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Monument to Ann Gardner and Family, Kensal Green Cemetery, Kensington and Chelsea

Description: Monument to Ann Gardner and Family, Kensal Green Cemetery

Grade: II
Date Listed: 3 April 2012
English Heritage Building ID: 1403616

OS Grid Reference: TQ2323782593
OS Grid Coordinates: 523237, 182593
Latitude/Longitude: 51.5288, -0.2248

Locality: Kensington and Chelsea
County: Greater London
Country: England
Postcode: NW10 5BU

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Listing Text


Pink granite and Portland stone monument in the form of an enriched shaft flanked by seated figures, all set behind a ledger stone, 1846.

Reason for Listing

The tomb of Ann Gardner is listed at Grade II for the following principal reasons:
* Artistic interest: high-quality figure sculpture in the manner of Raffaele Monti, with unusual and touching iconography associated with blindness;
* Historic interest: the monument commemorates various members of the family of Henry Gardner, brewer, who left half of his estate of £600,000 in trust for the benefit of blind people in England and Wales;
* Group value: with other listed monuments within the Grade I registered Kensal Green Cemetery.


Ann Gardner (d.1846) was the wife of Henry Gardner (d.1879), brewer, of St John Street. Gardner left an estate of £600,000, half of which was left in trust for the benefit of blind people in England and Wales. The sculpted figures are in the manner later made popular in the work of Raffaelle Monti (1818-1881).

The Cemetery of All Souls at Kensal Green was the earliest of the large privately-run cemeteries established on the fringes of London to relieve pressure on overcrowded urban churchyards. Its founder George Frederick Carden intended it as an English counterpart to the great Père-Lachaise cemetery in Paris, which he had visited in 1821. In 1830, with the financial backing of the banker Sir John Dean Paul, Carden established the General Cemetery Company, and two years later an Act of Parliament was obtained to develop a 55-acre site at Kensal Green, then among open fields to the west of the metropolis. An architectural competition was held, but the winning entry – a Gothic scheme by HE Kendall – fell foul of Sir John's classicising tastes, and the surveyor John Griffith of Finsbury was eventually employed both to lay out the grounds and to design the Greek Revival chapels, entrance arch and catacombs, built between 1834 and 1837. A sequence of royal burials, beginning in 1843 with that of Prince Augustus Frederick, Duke of Sussex, ensured the cemetery’s popularity. It is still administered by the General Cemetery Company, assisted since 1989 by the Friends of Kensal Green.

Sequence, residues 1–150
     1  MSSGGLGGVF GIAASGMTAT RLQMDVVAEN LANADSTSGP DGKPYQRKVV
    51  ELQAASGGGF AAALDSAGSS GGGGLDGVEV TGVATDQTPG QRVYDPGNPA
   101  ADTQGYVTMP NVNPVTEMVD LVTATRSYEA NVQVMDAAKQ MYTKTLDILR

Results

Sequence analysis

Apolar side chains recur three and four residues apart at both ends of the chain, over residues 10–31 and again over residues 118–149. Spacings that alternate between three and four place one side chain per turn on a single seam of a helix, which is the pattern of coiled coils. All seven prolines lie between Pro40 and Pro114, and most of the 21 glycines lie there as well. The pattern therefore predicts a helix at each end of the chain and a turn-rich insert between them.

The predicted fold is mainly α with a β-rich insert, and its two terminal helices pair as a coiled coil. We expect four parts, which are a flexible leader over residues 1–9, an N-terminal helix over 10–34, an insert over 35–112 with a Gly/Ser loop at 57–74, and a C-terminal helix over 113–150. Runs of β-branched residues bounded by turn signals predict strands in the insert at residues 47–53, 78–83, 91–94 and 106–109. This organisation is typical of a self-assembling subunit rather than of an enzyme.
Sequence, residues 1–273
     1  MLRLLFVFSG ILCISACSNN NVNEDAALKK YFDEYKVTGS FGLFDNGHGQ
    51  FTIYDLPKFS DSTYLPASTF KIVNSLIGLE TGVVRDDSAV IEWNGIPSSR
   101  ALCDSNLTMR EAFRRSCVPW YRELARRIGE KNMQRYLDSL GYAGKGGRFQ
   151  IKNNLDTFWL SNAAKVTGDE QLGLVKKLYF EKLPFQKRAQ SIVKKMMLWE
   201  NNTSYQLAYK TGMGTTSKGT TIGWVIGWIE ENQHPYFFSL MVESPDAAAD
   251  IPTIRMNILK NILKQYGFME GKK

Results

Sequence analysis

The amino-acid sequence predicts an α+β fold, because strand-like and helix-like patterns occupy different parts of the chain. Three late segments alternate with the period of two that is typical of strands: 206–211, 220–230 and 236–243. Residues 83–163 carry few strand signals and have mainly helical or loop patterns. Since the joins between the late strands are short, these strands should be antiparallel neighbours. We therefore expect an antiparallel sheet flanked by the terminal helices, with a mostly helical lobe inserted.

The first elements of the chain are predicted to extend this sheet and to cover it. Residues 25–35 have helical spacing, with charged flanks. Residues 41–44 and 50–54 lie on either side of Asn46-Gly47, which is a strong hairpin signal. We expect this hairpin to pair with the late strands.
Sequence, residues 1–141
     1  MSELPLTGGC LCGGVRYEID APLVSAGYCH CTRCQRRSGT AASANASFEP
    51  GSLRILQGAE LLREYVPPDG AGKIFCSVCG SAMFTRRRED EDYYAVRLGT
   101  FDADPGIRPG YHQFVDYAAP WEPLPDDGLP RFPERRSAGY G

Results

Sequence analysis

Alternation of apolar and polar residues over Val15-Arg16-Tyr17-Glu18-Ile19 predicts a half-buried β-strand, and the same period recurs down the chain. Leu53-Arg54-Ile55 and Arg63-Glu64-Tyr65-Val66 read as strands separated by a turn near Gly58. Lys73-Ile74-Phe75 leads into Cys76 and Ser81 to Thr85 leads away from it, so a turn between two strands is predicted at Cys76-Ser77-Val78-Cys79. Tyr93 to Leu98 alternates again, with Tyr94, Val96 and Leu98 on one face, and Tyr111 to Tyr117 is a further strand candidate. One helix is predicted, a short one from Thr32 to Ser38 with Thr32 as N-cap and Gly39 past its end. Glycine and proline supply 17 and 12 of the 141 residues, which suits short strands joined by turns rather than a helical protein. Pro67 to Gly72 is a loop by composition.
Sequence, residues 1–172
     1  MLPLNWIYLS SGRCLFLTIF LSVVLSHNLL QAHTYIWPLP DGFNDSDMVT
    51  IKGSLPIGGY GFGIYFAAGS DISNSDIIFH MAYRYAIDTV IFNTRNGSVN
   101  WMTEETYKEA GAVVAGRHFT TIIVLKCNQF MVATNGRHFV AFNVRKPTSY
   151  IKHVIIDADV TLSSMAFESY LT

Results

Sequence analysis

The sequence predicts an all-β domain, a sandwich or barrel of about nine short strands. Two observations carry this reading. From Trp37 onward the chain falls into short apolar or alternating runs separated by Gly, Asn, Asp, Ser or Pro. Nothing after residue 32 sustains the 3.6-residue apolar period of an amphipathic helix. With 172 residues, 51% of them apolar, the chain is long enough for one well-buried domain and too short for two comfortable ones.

A complex and unusual composition centred on a tall, slightly tapering shaft or pedestal of pink Peterhead granite with a stepped granite and limestone base enriched with a foliate swag. This is surmounted by a draped urn set on a tall plinth, the latter having anthemion acroteria with downward-gazing putto's heads beneath. On either side are seated angelic figures in Portland stone, both winged and dressed in flowing garments. The left-hand figure is veiled and carries an extinguished torch and a scroll which it appears to be reading by touch; the right-hand figure reaches upwards, apparently beckoning. Both figures and shaft are set on a square base enriched with wreaths. In front is a curved granite ledger, and the whole monument is set on a shallow, rectangular sandstone base. The leaded inscriptions on the shaft and ledger commemorate Ann Gardner (d.1846) and various members of her family.

Source: English Heritage

Listed building text is © Crown Copyright. Reproduced under licence.